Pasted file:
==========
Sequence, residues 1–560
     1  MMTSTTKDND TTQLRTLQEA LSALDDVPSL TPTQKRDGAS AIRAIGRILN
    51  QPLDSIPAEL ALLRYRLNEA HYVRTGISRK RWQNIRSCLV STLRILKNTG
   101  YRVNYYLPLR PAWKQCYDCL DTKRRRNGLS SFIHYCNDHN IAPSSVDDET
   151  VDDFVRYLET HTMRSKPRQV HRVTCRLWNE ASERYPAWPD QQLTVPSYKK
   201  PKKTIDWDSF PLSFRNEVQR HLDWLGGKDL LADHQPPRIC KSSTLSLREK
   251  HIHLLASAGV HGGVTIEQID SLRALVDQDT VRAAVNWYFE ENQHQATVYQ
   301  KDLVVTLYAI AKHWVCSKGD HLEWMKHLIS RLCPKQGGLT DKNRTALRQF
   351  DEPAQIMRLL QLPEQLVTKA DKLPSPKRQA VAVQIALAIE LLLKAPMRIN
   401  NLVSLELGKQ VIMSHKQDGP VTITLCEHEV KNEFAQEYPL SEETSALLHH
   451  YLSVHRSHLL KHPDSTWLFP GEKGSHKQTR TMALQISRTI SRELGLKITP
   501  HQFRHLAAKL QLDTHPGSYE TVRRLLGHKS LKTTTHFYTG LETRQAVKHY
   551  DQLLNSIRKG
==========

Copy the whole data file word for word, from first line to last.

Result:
Sequence, residues 1–560
     1  MMTSTTKDND TTQLRTLQEA LSALDDVPSL TPTQKRDGAS AIRAIGRILN
    51  QPLDSIPAEL ALLRYRLNEA HYVRTGISRK RWQNIRSCLV STLRILKNTG
   101  YRVNYYLPLR PAWKQCYDCL DTKRRRNGLS SFIHYCNDHN IAPSSVDDET
   151  VDDFVRYLET HTMRSKPRQV HRVTCRLWNE ASERYPAWPD QQLTVPSYKK
   201  PKKTIDWDSF PLSFRNEVQR HLDWLGGKDL LADHQPPRIC KSSTLSLREK
   251  HIHLLASAGV HGGVTIEQID SLRALVDQDT VRAAVNWYFE ENQHQATVYQ
   301  KDLVVTLYAI AKHWVCSKGD HLEWMKHLIS RLCPKQGGLT DKNRTALRQF
   351  DEPAQIMRLL QLPEQLVTKA DKLPSPKRQA VAVQIALAIE LLLKAPMRIN
   401  NLVSLELGKQ VIMSHKQDGP VTITLCEHEV KNEFAQEYPL SEETSALLHH
   451  YLSVHRSHLL KHPDSTWLFP GEKGSHKQTR TMALQISRTI SRELGLKITP
   501  HQFRHLAAKL QLDTHPGSYE TVRRLLGHKS LKTTTHFYTG LETRQAVKHY
   551  DQLLNSIRKG